Jeff Stottle of Foo’s Fabulous Café shares advice from their rebranding.
Everybody knows and loves Foo’s Fabulous Frozen Custard for its cool, creamy treats.
And that’s an unusual problem for Jeff Stottle, who owns and operates the Foo’s store at 9421 Mission Road in Leawood. His team has earned a reputation for exceptional custard, but they serve up a menu that also includes soups, sandwiches, pastries and more.
Unfortunately, not everybody knows that. Unless you already visit Foo’s, you might miss everything else they do.
So starting this month, just in time for its 10th anniversary, Stottle’s shop will be known as Foo’s Fabulous Café. The name change is part of a larger rebranding effort, one that will hopefully open Foo’s up to even more customers.
What’s in a Name?
There are two Foo’s stores in Kansas City. The original, located in Brookside, is owned by Betty Bremser. (Going forward, the original Foo’s will still be known as Foo’s Fabulous Frozen Custard.)
Years back, Bremser created a company to franchise Foo’s. When Stottle approached her about becoming a franchisee, not only did he open up the Leawood store, he also became a part owner of the franchisor, too.
His shop was designed to serve as a prototype for future Foo’s franchisees. Bremser and Stottle carried over the elements that make the original Foo’s so successful, including its fun, eclectic, family-friendly vibe.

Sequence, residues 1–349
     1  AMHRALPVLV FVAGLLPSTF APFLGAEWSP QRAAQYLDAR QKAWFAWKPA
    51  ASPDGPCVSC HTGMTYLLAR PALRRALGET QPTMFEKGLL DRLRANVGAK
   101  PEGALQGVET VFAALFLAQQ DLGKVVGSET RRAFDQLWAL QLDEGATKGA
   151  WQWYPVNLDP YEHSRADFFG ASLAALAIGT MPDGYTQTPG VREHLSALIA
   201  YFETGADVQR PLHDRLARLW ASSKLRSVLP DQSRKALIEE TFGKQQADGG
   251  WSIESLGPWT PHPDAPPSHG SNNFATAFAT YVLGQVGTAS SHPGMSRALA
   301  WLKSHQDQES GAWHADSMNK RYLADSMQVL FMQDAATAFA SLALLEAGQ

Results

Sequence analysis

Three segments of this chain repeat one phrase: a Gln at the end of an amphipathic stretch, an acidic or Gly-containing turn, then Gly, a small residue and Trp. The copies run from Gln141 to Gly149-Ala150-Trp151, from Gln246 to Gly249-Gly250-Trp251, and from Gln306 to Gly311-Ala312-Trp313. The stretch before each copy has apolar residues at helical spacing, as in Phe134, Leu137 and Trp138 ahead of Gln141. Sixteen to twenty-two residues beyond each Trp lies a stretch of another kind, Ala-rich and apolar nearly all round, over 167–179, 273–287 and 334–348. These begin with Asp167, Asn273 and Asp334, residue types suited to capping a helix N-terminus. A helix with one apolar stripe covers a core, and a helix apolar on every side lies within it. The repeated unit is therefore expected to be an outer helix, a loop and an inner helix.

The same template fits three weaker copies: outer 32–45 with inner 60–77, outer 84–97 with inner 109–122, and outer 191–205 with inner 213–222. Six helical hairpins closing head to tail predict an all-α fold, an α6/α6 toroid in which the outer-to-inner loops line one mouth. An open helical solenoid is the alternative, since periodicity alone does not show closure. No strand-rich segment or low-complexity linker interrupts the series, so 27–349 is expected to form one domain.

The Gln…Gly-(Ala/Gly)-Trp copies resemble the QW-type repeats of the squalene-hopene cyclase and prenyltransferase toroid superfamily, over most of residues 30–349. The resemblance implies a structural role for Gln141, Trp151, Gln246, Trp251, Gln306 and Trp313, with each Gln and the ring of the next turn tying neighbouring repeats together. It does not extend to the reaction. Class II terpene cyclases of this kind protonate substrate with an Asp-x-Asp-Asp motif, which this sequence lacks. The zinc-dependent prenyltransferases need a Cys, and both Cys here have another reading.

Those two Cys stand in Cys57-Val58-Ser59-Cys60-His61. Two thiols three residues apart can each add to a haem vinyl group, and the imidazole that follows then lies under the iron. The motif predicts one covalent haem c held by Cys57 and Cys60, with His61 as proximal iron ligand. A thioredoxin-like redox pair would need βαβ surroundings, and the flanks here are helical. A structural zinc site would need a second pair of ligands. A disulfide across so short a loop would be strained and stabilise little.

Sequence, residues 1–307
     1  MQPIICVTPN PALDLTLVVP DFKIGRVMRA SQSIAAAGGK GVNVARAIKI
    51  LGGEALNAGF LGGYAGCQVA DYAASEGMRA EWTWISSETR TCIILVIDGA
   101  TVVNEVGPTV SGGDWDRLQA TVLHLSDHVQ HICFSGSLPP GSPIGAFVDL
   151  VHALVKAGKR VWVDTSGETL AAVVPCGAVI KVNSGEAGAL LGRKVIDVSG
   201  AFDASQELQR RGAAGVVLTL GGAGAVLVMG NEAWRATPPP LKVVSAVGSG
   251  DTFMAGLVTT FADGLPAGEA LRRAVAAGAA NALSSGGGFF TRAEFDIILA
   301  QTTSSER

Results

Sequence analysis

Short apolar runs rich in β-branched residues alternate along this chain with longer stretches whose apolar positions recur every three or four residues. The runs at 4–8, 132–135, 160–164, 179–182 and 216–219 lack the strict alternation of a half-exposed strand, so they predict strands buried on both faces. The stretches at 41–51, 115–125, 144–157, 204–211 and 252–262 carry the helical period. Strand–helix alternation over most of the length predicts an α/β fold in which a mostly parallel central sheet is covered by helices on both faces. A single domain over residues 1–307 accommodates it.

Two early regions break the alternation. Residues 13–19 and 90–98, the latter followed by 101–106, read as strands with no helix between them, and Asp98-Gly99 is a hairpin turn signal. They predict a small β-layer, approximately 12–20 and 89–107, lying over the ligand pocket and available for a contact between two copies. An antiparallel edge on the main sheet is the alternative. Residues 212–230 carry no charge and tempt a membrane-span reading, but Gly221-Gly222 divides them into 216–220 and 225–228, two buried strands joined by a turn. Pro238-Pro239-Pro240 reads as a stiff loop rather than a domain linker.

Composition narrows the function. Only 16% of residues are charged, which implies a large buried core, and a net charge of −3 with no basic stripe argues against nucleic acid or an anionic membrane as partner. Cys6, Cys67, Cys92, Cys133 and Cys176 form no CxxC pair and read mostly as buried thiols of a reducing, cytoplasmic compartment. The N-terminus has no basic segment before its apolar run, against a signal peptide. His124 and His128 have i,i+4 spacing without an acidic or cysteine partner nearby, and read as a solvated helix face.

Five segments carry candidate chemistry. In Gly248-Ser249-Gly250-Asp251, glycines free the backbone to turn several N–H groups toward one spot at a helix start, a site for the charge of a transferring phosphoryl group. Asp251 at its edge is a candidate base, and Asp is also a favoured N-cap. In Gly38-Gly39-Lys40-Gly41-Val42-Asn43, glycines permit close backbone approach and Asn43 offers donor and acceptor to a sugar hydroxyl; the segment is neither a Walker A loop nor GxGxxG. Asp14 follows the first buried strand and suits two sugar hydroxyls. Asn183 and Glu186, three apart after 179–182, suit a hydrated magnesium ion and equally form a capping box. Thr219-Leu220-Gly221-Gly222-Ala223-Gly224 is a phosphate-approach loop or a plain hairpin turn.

To capture more business, the Leawood Foo’s started opening at 7 a.m. most days. The store sells chocolates, pastries and coffee from iconic local favorites like Le Monde Bakery, The Roasterie, Christopher Elbow and Oddly Correct. Over the lunch hour, you can order sandwiches, wraps or soup.
“I guess we just thought customers would come in and pick up that we do a lot more than frozen custard,” Stottle said.
Changing the name to “Café” signals that Foo’s has a wider menu. It also conveys the shop’s reputation for being a neighborhood hangout, a place where study groups, soccer teams and PTA leaders can get together. Its new tagline says that Foo’s is a place to “Plan, Enjoy and Celebrate Life.”
“They’ve taken ownership of the shop,” Stottle said. “It’s a really fun thing to watch.”
Why Over What
Stottle had been thinking about the rebrand since late last year and made it part of his official plan for 2016.
To prepare, he attended a branding workshop at the Enterprise Center in Johnson County. Grant Gooding of Proof Positioning led the session and asked questions that forced Stottle to focus on why customers choose Foo’s.
“Grant knew the answer,” Stottle said. “But he challenged me to stretch my brain and figure out the answer on my own.”
Stottle also hired Westwork Content + Design to rework Foo’s logo, website, signage and other design elements. That includes product shots of the shop’s food, which will be displayed on a new digital menu board.
Stottle has advice for other business owners thinking about a rebranding.
First, you’ll need to marshal your resources so you can do it right. “It’s not going to be inexpensive,” he said.
It’s also wise to seek opinions from a range of people—experts, customers, other business owners—and listen without responding. Keep an open mind about what they tell you, Stottle said.
And finally, try to focus less on what you do and more on why you’re actually in business, why people come to your space. Customers love Foo’s custard, and custard is core to the company, but people enjoy coming into the store because it’s a fun, family-friendly place to be.
“They’re here more for the why than the what,” Stottle said.